The experiment was carried out in an apple orchard in São Joaquim, in southern Brazil (28º 17' 25'' S, 49º 56' 56'' W), from August 2001 to March 2009. The climate of the region is characterized as humid subtropical, without dry season, with annual mean temperature and rainfall of 13.5 ºC and 1,700 mm, respectively. According to the Köppen classification, the climate is Cfb. Trees of the ´Catarina´ cultivar, grafted on Marubakaido rootstock, were planted in 1997, at a density of 883 plants ha-1 (6 x 2 m) on a Humic Haplumbrept.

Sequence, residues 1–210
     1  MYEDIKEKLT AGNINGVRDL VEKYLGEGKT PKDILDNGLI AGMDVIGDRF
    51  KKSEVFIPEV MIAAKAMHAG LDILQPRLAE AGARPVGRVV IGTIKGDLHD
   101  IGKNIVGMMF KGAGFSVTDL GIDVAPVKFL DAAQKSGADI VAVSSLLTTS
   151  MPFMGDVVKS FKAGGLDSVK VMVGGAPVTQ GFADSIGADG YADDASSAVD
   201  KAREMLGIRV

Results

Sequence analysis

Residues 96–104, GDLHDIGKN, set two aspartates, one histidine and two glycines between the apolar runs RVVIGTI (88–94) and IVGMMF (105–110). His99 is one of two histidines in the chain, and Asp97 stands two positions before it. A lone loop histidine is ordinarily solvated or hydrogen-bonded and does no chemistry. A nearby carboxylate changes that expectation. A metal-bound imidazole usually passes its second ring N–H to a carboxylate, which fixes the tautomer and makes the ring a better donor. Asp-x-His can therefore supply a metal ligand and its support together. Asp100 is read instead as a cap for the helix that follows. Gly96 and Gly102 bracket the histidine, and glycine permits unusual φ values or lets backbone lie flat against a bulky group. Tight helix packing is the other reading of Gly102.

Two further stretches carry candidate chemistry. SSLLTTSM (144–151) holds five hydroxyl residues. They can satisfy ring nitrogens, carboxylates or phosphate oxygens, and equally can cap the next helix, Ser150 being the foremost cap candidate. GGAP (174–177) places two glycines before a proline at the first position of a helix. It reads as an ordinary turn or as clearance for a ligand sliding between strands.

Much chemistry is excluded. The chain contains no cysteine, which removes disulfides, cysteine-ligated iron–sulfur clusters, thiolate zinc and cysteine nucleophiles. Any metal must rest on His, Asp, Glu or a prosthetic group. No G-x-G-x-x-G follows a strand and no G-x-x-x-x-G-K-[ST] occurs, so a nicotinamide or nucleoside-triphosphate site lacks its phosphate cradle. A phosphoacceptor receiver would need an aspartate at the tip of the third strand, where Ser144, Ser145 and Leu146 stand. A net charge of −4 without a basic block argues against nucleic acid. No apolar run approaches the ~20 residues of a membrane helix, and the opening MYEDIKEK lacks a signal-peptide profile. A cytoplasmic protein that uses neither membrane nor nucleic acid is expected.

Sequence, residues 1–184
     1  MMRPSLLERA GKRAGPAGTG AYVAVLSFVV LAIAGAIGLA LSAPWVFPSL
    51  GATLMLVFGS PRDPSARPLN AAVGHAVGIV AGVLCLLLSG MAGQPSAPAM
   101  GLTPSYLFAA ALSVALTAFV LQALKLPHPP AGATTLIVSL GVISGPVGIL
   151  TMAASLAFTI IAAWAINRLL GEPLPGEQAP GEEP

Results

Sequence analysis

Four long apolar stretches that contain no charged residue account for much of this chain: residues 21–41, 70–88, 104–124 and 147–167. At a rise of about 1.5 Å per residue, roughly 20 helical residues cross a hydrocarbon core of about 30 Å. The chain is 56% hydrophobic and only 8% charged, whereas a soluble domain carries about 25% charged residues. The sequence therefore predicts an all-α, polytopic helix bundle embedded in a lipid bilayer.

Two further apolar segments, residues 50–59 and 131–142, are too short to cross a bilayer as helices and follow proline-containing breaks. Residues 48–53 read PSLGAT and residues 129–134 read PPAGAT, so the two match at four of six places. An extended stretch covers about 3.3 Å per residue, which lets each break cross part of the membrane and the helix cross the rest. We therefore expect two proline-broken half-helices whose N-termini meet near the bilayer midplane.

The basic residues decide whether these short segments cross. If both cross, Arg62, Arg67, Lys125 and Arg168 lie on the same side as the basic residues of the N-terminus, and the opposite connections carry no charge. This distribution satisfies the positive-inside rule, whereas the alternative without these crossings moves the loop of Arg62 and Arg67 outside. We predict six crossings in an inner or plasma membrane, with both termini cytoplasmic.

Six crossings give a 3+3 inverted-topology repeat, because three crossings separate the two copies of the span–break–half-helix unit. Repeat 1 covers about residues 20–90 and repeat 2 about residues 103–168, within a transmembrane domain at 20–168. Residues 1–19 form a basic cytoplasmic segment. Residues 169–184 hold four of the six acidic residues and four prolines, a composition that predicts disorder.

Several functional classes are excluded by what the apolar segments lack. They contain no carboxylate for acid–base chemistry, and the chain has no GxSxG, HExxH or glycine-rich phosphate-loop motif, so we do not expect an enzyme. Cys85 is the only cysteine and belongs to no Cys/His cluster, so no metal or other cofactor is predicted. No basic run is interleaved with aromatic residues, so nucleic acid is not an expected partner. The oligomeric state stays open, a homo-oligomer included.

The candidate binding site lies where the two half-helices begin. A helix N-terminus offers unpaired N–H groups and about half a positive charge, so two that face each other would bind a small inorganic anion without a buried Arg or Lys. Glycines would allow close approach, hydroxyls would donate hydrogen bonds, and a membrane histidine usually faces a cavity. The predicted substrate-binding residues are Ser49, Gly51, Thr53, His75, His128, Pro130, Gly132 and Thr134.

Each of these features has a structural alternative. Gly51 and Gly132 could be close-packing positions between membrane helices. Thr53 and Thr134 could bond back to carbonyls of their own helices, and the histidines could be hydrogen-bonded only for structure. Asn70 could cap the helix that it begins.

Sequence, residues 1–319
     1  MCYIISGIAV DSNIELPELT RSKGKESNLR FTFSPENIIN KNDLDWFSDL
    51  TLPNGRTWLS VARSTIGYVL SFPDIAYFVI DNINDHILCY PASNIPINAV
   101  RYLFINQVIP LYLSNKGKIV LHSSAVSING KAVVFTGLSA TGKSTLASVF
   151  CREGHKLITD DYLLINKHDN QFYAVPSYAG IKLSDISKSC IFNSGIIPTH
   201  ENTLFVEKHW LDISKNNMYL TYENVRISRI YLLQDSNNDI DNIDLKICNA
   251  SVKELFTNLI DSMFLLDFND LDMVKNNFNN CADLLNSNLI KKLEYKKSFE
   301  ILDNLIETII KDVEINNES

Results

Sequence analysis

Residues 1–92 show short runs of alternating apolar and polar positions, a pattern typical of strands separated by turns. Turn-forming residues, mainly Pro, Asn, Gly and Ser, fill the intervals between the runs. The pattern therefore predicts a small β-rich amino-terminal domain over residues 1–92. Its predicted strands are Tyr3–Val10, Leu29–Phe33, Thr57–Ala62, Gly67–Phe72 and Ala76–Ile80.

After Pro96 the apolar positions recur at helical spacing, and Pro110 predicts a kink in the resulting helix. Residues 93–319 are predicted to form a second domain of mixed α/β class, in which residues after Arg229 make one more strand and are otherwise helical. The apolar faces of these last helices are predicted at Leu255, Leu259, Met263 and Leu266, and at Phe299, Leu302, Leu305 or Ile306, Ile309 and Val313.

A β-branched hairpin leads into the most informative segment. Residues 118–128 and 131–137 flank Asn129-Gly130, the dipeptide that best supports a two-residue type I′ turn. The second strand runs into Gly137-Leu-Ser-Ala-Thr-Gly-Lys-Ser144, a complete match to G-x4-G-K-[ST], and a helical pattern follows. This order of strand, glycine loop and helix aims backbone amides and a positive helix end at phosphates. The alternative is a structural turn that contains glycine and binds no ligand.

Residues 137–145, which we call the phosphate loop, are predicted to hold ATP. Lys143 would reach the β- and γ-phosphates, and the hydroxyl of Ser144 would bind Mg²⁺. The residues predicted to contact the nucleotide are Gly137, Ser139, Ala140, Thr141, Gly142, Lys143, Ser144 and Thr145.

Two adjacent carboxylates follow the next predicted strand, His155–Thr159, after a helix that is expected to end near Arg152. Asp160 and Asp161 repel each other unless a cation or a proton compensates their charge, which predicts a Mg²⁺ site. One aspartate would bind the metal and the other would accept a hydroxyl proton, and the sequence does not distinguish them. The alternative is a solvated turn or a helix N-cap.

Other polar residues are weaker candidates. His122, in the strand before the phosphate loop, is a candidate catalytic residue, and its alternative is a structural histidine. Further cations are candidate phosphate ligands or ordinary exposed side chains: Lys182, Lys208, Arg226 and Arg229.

Three months before planting, dolomitic lime was broadcast on the soil surface and incorporated into the 0-30 cm layer in an amount required to raise water pH to 6.5. Total rates of P and K fertilizer (240 kg ha-1 of P2O5 and 120 kg ha-1 of K2O) was broadcast one week before planting at rates recommended by the official research and extension services (CQFSRS/SC, 2004). Soil samples collected from the 0-20 cm layer just before treatment application (four years after addition of dolomitic lime and fertilizers) presented pH = 6.4; Al3+ = 0; P (Mehlich-1) = 19 mg dm-3; K+ = 5.2 de mmolc dm-3; Ca2+ = 103 mmolc dm-3; Mg2+ = 54 mmolc dm-3; organic matter = 43 g dm-3; clay = 450 g dm-3, 1.8 % of crystalline Fe2O3 extracted by citrate-bicarbonate-dithionite (CBD), 0.79 of Fe2O3 bonded to the organic matter, extracted by sodium pyrophosphate, 0.29 % of morphous Fe2O3 extracted by ammonium oxalate, and CEC of 190 mmolc dm-3. The soil is derived from rhyodacite, where kaolinite is the predominant clay mineral, followed by some 2:1 clay minerals with polymers of hydroxy-Al in the interlayers.